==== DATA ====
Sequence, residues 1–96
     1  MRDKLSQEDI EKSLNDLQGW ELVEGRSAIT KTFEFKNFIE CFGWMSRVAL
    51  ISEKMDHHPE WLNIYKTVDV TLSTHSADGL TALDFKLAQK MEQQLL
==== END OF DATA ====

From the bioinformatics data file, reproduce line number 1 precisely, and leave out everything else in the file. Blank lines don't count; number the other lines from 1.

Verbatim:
Sequence, residues 1–96